When I am flying for an event for aerial photography, I use a wheeled cooler (beverage cooler with wheels and a handle) as a convenient way to create a mobile home base. I carry my P3A, batteries, and RC in a backpack case and pull the cooler behind me. There's a lot of good storage space in the cooler.

Benefits:
1. It is a seat (sometimes there's a lot of waiting involved); 2. If it begins to rain, I can quickly put everything inside 3. It is a launch pad for taking off in muddy/sandy/grassy areas; 4. I bring along icebags to keep the inside cool. This helps batteries cool down post-flight so I can recharge them sooner. 5. I bring my chargers, a power strip, and an extension cord, all fit inside (along with other things that don't fit in my drone case); 6. It is a clean platform for swapping out lens filters, microSD cards, and other delicate operations.

I thought of this prior to a video shoot I had for a crew practice. My launch and operation site was on the banks of the intracoastal waterway in Virginia. The bank was muddy, I had to do several battery swaps, and there were a lot of folks who were encroaching on my position to get a better view. The wheeled cooler ensured I had a place to launch, work, and sit while I flew the drone.

After some post-production work, I finished the following video:
https://www.youtube.com/watch?v=fLCmg0fzDIU

Enjoy! If you have any ideas for improving my cooler idea, I'd like to hear them!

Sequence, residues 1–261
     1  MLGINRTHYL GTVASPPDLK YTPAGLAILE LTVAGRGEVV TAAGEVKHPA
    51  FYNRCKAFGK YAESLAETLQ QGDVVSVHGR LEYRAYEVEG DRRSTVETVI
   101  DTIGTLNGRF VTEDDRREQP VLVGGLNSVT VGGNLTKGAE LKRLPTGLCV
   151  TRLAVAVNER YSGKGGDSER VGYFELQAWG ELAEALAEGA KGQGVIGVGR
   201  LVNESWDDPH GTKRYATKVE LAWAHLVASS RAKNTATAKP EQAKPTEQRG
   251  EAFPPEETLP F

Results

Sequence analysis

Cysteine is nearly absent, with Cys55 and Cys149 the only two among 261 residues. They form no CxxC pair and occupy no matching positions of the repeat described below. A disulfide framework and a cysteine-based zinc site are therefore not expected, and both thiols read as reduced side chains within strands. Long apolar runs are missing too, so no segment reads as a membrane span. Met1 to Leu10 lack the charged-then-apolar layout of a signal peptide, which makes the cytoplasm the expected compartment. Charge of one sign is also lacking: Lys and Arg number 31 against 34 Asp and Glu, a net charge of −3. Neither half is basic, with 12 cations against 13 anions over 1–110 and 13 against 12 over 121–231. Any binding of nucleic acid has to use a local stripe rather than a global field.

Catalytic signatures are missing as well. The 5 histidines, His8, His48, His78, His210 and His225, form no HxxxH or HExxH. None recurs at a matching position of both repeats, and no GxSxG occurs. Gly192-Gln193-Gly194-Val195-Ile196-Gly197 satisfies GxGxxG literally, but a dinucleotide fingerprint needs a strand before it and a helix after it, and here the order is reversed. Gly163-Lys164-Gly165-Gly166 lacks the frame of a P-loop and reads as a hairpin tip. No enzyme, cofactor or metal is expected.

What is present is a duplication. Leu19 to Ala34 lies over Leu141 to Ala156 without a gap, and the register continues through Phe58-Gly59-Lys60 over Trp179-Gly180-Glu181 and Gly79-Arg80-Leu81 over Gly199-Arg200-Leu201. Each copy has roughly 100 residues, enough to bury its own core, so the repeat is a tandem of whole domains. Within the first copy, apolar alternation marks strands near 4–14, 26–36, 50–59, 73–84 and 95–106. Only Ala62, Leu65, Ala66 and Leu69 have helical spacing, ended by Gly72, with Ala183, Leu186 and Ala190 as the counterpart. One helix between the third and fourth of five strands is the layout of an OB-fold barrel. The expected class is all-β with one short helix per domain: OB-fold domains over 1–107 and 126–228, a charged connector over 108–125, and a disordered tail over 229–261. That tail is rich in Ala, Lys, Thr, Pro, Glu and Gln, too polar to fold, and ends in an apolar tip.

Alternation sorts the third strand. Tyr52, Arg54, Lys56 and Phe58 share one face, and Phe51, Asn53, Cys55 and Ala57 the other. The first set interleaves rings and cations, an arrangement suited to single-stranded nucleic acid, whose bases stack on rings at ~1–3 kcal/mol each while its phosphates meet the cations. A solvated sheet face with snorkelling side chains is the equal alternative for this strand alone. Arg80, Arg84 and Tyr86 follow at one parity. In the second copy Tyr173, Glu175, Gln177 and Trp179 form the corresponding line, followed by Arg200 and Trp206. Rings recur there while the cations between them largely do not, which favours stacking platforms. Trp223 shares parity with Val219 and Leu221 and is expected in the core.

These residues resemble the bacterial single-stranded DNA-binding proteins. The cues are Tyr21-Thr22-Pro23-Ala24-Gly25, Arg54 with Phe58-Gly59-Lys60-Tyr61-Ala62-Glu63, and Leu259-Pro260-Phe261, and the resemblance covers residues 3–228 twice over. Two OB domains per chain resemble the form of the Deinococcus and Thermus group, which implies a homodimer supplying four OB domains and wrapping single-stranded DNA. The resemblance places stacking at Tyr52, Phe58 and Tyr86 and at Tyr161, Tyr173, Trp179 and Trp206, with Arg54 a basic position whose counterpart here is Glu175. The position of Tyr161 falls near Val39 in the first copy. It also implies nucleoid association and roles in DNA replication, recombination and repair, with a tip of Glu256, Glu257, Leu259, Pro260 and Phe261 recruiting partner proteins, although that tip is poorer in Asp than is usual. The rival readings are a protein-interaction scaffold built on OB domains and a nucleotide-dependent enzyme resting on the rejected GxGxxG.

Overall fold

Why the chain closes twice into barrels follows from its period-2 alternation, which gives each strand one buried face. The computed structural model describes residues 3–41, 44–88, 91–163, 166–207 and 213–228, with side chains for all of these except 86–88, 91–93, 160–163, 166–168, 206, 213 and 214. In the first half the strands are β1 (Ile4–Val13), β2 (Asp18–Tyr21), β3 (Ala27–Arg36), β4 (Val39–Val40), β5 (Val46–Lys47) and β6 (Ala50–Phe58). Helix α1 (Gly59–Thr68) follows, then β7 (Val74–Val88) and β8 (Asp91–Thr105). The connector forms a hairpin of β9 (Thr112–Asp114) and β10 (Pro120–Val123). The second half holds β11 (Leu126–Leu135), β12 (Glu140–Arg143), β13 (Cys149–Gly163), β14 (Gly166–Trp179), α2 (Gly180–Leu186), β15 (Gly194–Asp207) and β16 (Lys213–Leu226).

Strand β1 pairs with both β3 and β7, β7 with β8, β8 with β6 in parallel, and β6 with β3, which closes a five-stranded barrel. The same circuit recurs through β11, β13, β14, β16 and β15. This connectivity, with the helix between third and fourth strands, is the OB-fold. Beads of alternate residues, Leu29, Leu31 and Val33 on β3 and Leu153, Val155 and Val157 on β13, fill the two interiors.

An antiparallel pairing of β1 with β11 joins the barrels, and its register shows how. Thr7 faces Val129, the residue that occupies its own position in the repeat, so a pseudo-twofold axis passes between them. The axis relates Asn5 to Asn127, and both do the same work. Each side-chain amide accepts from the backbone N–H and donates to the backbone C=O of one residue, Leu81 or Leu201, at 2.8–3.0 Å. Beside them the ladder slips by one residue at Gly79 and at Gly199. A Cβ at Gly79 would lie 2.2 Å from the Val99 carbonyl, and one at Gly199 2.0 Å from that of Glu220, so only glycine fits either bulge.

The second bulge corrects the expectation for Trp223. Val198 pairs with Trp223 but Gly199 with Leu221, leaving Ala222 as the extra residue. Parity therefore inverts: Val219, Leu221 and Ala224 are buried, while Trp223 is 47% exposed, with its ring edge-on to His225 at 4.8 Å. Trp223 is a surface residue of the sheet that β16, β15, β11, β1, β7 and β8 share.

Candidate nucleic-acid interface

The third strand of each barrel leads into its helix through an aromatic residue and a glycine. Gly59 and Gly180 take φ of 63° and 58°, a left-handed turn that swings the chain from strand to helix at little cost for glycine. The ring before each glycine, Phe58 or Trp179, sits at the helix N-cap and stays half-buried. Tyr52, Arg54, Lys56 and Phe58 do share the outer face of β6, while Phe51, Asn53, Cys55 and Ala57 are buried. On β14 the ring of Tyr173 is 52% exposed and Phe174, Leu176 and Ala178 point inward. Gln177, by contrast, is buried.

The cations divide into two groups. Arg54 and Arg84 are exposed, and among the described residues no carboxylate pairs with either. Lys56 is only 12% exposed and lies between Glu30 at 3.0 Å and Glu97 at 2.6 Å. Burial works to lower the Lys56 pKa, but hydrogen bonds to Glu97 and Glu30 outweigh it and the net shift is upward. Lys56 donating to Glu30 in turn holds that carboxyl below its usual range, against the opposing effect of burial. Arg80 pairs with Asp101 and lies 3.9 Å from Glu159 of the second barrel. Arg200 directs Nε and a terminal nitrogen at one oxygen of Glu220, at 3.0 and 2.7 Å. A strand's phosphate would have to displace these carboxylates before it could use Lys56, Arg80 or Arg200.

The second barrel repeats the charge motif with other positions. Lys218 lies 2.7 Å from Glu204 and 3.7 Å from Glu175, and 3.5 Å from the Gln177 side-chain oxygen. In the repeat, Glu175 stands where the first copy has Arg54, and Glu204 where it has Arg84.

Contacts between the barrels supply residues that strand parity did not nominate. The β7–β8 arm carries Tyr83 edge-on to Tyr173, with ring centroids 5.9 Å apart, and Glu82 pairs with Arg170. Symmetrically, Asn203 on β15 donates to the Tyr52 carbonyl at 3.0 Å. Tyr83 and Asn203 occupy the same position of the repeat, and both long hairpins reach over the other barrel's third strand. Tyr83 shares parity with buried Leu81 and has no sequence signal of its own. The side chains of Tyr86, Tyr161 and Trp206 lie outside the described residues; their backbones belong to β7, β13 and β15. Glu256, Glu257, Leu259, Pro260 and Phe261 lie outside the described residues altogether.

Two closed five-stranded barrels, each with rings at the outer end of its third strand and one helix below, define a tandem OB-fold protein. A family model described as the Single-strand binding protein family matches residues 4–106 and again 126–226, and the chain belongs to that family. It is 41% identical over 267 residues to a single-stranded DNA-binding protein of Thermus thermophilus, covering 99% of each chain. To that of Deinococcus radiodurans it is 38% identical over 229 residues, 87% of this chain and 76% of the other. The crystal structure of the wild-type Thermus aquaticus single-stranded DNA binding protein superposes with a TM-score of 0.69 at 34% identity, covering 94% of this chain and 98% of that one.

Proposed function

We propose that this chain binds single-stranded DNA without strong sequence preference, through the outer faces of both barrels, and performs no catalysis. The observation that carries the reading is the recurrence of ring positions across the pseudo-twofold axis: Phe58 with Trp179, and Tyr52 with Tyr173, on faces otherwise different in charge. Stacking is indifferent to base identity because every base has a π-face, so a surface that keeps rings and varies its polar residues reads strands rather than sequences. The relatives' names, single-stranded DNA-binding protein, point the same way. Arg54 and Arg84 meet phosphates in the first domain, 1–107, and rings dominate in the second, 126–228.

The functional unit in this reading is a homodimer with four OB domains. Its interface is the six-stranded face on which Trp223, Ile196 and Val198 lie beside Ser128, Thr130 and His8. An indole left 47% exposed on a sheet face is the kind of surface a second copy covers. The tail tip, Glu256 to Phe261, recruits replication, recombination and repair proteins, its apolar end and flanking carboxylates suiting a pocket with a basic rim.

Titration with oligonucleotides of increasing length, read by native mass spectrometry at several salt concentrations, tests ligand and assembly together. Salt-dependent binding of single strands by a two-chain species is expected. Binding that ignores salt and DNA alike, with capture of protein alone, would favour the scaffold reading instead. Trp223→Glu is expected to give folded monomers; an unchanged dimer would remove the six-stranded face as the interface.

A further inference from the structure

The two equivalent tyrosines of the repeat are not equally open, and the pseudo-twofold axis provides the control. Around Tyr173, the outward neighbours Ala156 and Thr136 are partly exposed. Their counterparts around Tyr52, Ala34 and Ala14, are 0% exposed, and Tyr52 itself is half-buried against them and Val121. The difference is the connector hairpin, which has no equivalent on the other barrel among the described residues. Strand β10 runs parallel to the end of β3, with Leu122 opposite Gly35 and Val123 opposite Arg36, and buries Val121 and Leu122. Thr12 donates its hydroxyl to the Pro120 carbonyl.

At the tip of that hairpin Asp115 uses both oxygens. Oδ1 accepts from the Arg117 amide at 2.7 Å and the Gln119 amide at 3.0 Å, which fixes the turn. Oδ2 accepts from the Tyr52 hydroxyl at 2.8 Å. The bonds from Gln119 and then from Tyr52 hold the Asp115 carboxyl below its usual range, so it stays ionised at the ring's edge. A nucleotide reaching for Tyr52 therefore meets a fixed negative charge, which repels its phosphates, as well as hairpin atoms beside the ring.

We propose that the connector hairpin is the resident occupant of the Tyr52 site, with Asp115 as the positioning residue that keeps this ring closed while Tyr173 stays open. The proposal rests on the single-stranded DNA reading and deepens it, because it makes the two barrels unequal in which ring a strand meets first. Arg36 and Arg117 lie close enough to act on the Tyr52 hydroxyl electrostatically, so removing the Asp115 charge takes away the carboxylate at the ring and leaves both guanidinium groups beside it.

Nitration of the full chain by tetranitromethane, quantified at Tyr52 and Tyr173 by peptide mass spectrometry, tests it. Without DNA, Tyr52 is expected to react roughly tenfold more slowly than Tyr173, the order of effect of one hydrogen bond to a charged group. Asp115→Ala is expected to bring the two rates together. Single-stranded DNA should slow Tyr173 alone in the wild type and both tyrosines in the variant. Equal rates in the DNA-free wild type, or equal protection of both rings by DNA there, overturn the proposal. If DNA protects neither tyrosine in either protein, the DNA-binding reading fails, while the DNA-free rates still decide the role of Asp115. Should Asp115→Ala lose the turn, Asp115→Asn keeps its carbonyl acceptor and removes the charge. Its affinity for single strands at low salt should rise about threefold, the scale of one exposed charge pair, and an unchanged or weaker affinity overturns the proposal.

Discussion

hblink93
Great video. As far as carrying all my spare stuff ........ I use my wife! ........... Actually the wheeled cooler is a good idea. I have something similar since I am a amateur radio operator. I bought a tool box with wheels and an extended handle. Same principle as what you are using, but I use a much smaller cooler for food & battery cool down. I place the batteries in zip lock bags before placing them in the cooler. But since I have 6 batteries (I have 2 drones) it isn't much of a problem.
 
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#15
:grinning: Ahah!! I knew that if I held onto my old camping Cool-Box for long enough, someone would come up with a useful idea for it. Thankyou! Thankyou! Nick of time as I was just about to bin it.

The Gimp in my name refers to the problems I have boogying on down down on my knees to set up my P3/4k. Also balancing on a pair of sticks and keeping my head tracking the flight can be entertaining .. for others. I had to give up beach-casting for the same reason. :screamcat:

This simple idea means that I have a (slightly) raised table to work on and a seat to park my back-side on. Not that I need the extra carrying power, just enough room for a cushion. :grinning:
 
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BigAl07

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#17
Very good idea. I've got that exact same cooler. I might have to look into it.

If it starts raining does the aircraft fit inside the cooler with props on (maybe if you turn them just right?)?